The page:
What is it about?
Certain atomic species have useful properties for quantum computing applications (for example, states that have long decay lifetimes or that are insensitive to magnetic fields, both of which can improve quantum memory) but can be difficult to trap safely and reliably in practical laboratory systems. One example is barium-133, which is radioactive and can only be safely handled in small quantities. Laser ablation is useful for loading these species from small quantities: when a sample is hit by a high energy pulsed laser, a small volume of vaporized material is released from the sample surface. The ejected atoms can then be photo-ionized and trapped, in a process called “loading” an ion trap. This requires much smaller source samples than other common loading methods. However, the ejected atoms can be highly energetic after ablation, which can make them difficult to trap. To better understand the loading process and improve our ability to load rare ion species, we developed a geometry- and source-dependent theoretical model for the probability of loading ion traps. We validated this model experimentally by measuring the probability of loading both barium and strontium ions in two ion traps of different sizes under varying experimental conditions. We find that loading rates are not just dominated by the usual parameter of the potential energy at the trapping bounder (the “trap depth”) but by the physical size of the trap itself. Furthermore, in the small, micrometer-scale traps produced using modern microfabrication techniques, we find an optimal trap depth after which increasing the trap depth causes a decrease in trapping efficiency.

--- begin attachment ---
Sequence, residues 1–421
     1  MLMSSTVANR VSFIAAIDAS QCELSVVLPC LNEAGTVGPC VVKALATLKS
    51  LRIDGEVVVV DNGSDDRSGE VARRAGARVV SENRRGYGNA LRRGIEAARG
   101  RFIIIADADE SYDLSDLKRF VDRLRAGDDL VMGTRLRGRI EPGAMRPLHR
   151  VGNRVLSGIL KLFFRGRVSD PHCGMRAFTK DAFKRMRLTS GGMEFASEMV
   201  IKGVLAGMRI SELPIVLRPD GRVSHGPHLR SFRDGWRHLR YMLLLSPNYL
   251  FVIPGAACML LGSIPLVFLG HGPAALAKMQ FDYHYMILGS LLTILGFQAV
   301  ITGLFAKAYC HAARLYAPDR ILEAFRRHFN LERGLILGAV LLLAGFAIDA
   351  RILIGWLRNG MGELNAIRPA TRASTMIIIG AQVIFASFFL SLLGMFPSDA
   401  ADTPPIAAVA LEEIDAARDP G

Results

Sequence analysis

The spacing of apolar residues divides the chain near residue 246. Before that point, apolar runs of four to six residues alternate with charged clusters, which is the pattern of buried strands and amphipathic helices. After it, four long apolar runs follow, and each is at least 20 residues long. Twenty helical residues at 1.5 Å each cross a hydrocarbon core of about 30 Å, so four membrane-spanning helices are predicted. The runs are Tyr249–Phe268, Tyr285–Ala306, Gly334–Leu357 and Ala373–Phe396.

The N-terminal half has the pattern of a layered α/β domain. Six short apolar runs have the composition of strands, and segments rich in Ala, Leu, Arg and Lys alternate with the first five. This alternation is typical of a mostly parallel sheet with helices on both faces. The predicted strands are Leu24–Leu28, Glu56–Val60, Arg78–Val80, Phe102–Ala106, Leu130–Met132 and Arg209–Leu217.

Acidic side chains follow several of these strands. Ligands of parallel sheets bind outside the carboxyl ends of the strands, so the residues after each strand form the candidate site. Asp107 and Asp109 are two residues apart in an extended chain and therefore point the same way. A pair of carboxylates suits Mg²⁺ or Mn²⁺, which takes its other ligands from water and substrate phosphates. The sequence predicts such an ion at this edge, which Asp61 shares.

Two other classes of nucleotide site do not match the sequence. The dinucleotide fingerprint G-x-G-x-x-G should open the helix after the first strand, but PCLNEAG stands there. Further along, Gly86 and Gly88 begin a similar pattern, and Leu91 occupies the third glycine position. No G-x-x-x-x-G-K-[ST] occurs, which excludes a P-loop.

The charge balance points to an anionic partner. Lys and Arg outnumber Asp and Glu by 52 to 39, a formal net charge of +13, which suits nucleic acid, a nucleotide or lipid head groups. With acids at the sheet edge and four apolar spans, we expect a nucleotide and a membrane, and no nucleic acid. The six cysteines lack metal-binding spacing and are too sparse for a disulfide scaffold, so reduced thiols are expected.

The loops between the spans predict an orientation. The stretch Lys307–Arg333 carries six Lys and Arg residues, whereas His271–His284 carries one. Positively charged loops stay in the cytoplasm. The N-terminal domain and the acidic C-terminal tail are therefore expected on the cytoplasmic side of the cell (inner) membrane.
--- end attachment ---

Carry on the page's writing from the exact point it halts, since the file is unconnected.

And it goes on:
Photo by Zoltan Tasi on Unsplash
Why is it important?
Using modern microfabrication techniques, chip-based ion traps are likely to be a critical tool for scaling up trapped-ion quantum computers to increasingly large system sizes. These microfabrication techniques are used to print metal electrodes on a single plane that can be used to trap ions tens of micrometers above the trap surface. Further, these processes can be used to integrate new technologies like integrated optics or active electronic devices into the ion trapping chip itself, enabling the miniaturization of the ion trapping laboratory. However, these small chips generally load ions less efficiently than three-dimensional ion traps. The improved understanding of the ion trap loading process that we develop in this work is critical to loading rare species (including radioactive barium or more exotic ion species like molecular ions) into modern, scalable microfabricated ion traps, and particularly for the future design of ion traps.
Read the Original
This page is a summary of: Ablation loading of barium ions into a surface-electrode trap, Applied Physics Letters, June 2023, American Institute of Physics, DOI: 10.1063/5.0149778.
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